Over the last few months, I’ve been on dates with lots of different women. I’ve learned various ways to disguise my sweaty palms and how to comfortably (at least on the outside) ask out intimidatingly awesome strangers stone-cold sober. I have been accepted and rejected and spent perfect summer evenings laughing until my sides hurt with women whom I would have been too nervous to make eye contact with a few short months ago.

If we were in an 80s movie, this would be where the music would crescendo and I would be in a freeze frame with a fist raised triumphantly. Yes, I know that was only in The Breakfast Club, but I think we can all agree John Bender dresses picture-perfect casual butch.

But despite all the fun I’ve had this summer, all the great conversations and the confidence building, there is no Breakfast Club soundtrack underscored moment. Not even that one Wang Chung song. In fact, I’ve found myself…kinda sad.

It has nothing to do with the women I’ve gone on dates with. They’ve been amazing. Some were more fun than others, some were a bit awkward and some of them were with women I had little in common with. However, none of them were the uncomfortable, disastrous, wastes of time I’ve had with men.

There was the hilarious, brilliant and intimidatingly cool “E” who accepted my dorky suggestion of an evening at the Chuck-E-Cheese for adults arcade, Dave and Busters. We spent the evening swapping stories, playing skeeball, posing for photo booth pictures and laughing our asses off. I have never had as much silly fun on a date. E has a fascinating life and has the greatest stories you’ve ever heard, but she is never smug or condescending about how many amazing adventures she has had. She is also a minister, and when she speaks about her faith, it sounds beautiful and welcoming and comforting. She is so rad.

There was the delightful and lovely “S” who set up a delicious and picture-perfect picnic in Trinity Bellwoods and treated me to a rune reading by the park’s own reader. Much like with E, the conversation was easy and comfortable. S put a lot of work into setting up a beautiful and memorable date; however, unlike special dates I have had with men, there weren’t the constant verbal cues to admire how hard she worked. S is thoughtful and smart and has a way of making casually hilarious observations that have you quoting her days later.

There was the elegant and sweet “L” with an encyclopedic knowledge of the Toronto art scene. We enjoyed a delicious dinner and giggle about our shared insider knowledge of the theatre scene. L is passionate about art, but she doesn’t talk over me with her opinions or shame me for not having some obscure bit of knowledge she has or for liking something “too mainstream.” I was so comfortable around her I ordered a big messy burger, even though there was a good chance I’d clumsily spill something on myself.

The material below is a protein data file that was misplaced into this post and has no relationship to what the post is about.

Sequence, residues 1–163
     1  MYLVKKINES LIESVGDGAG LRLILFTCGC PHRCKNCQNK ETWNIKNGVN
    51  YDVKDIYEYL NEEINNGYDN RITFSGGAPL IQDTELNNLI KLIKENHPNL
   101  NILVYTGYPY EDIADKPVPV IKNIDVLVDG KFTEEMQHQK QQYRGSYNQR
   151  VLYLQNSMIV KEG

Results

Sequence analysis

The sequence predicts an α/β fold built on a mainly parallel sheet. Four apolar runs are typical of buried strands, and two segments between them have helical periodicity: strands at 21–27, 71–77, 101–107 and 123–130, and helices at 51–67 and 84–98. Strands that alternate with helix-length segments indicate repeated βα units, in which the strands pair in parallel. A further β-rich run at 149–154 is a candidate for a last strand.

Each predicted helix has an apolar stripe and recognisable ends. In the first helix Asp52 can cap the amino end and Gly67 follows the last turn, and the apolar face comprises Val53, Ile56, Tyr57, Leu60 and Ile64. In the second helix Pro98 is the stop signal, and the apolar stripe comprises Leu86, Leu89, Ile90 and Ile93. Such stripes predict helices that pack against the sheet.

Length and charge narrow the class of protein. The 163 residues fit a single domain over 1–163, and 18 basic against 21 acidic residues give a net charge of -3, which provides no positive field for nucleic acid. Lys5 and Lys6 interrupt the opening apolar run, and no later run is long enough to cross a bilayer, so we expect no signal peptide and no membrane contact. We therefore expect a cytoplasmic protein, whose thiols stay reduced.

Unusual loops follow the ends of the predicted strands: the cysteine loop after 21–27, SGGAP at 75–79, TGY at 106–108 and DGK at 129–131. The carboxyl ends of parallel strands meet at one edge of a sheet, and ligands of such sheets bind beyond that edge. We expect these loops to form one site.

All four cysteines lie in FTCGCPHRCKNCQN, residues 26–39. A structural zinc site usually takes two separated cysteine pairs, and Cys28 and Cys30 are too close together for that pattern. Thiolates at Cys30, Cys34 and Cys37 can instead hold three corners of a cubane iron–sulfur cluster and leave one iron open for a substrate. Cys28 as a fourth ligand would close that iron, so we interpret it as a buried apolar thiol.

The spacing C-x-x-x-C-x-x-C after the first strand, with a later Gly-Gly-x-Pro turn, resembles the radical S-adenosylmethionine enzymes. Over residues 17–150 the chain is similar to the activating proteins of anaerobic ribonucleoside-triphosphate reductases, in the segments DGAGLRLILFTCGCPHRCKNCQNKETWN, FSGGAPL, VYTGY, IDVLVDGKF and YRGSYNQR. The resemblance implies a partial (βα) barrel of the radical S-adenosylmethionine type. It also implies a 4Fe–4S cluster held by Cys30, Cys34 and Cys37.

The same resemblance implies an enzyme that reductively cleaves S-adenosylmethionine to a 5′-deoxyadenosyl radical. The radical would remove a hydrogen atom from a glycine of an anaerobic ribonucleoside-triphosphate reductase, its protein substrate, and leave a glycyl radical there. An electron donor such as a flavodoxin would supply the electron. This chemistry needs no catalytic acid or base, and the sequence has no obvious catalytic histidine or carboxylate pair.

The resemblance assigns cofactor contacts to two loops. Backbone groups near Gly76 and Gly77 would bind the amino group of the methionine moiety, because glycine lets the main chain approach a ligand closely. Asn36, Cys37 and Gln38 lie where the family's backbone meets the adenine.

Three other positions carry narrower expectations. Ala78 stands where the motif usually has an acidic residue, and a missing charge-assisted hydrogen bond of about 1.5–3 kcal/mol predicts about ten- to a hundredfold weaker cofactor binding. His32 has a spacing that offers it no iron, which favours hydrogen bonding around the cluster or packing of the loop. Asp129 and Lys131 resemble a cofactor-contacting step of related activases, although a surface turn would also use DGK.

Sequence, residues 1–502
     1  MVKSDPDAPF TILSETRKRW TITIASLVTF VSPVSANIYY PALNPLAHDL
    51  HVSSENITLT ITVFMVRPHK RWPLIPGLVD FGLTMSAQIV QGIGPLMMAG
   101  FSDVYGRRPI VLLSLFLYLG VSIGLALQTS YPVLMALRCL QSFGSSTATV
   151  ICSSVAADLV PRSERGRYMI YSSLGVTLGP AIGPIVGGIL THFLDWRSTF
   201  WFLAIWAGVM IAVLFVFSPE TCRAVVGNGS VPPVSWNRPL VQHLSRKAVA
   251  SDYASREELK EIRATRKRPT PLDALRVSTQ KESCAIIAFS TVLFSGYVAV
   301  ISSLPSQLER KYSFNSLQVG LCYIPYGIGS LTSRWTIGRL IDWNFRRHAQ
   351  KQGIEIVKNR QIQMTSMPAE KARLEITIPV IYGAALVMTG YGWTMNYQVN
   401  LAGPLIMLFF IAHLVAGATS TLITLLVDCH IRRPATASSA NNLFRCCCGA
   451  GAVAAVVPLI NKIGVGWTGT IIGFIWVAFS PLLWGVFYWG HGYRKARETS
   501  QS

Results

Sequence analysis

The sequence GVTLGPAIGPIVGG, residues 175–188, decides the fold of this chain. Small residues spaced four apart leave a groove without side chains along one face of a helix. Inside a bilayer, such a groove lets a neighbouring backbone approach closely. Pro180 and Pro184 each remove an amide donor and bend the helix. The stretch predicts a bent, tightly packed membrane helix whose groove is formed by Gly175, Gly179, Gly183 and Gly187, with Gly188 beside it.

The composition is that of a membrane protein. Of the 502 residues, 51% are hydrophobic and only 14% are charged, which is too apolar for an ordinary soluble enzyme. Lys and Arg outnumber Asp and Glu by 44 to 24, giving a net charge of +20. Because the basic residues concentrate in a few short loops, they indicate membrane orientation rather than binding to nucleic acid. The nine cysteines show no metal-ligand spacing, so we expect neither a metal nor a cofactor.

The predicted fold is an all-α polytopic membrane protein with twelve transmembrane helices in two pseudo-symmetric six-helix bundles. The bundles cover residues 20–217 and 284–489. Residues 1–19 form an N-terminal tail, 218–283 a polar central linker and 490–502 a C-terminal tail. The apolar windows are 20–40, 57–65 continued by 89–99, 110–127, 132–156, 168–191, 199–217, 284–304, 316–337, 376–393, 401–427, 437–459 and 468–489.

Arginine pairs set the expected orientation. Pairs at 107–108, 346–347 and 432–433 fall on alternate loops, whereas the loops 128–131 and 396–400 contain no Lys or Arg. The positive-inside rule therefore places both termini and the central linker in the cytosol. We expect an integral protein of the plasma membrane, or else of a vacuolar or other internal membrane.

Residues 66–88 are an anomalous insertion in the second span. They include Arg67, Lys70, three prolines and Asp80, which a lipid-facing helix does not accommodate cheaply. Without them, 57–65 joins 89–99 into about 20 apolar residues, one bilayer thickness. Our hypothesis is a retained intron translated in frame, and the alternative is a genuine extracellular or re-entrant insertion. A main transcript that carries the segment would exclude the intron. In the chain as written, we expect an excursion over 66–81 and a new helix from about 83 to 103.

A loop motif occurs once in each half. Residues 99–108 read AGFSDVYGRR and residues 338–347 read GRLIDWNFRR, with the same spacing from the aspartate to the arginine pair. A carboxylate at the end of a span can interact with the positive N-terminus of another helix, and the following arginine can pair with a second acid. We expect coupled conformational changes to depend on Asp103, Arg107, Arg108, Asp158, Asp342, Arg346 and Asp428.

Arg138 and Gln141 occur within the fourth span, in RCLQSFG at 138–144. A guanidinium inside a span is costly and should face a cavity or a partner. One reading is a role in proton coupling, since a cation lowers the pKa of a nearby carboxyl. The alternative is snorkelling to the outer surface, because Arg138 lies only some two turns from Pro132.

There was one date with a woman who spent the entirety of our evening talking about herself, only taking a break to ravenously devour her appetizer and steak and then excuse herself to take a twenty-minute phone call (or maybe it was longer). At the twenty-minute mark, I paid the bill and left. That was only one date out of many this summer. And I can’t tell you how many dates I’ve had with dudes who “forgot their wallet at home.” Note to self, never date a dude comedian again.

So, after such a fun and exciting summer, why am I so sad? The truth is, I’m not sad for current me. I’m sad for past me. Why didn’t anyone tell me I deserved more?

Why did I spend so many years in shitty relationships with men who treated me okay at best? Why didn’t I end relationships that had passed their “best sell by date,” instead assuming that a relationship that was slowly decaying was the best I could expect? Why did I spend years being little more than a bobble head doll quietly listening to dull braggarts list off their accomplishments while they got drunk off cheap beer and I nursed one white wine? Why was that date always at a bar that took me an hour to get to because it was close to his apartment and he “had to get up in the morning”?

Why have I accepted so little? Why did I work so hard planning a special birthday party for a boyfriend, spending hours making sure that every detail was exactly as he wanted it, just to have him ignore me the entire time and then get mad at me for being upset on his “special day”?

I stuck around through a lot of crap because I truly believed that there were very few “good guys” out there and the really good ones wouldn’t choose me. So I accepted crumbs and worked as hard as I could to try and assemble them into something satisfying.

I won’t do that anymore.

I have learned a lot this summer: I can be rejected without it destroying my self-esteem, I can fix a fancy cocktail, carry on a conversation even when I feel nervous and I can successfully ask a beautiful woman out on a date just by being myself. But the most important thing I learned is that we all deserve to be treated well. Women, women-identified folks, gender queers, whoever you are, however you identify, you deserve to be treated well.

So, now, after these months of learning, and a few weeks of processing, I stand at the edge of the football field of my own experience. Still a little sad, but with my fist raised triumphantly anyway.

Don’t you forget about me, Toronto. But most importantly, don’t forget about yourself.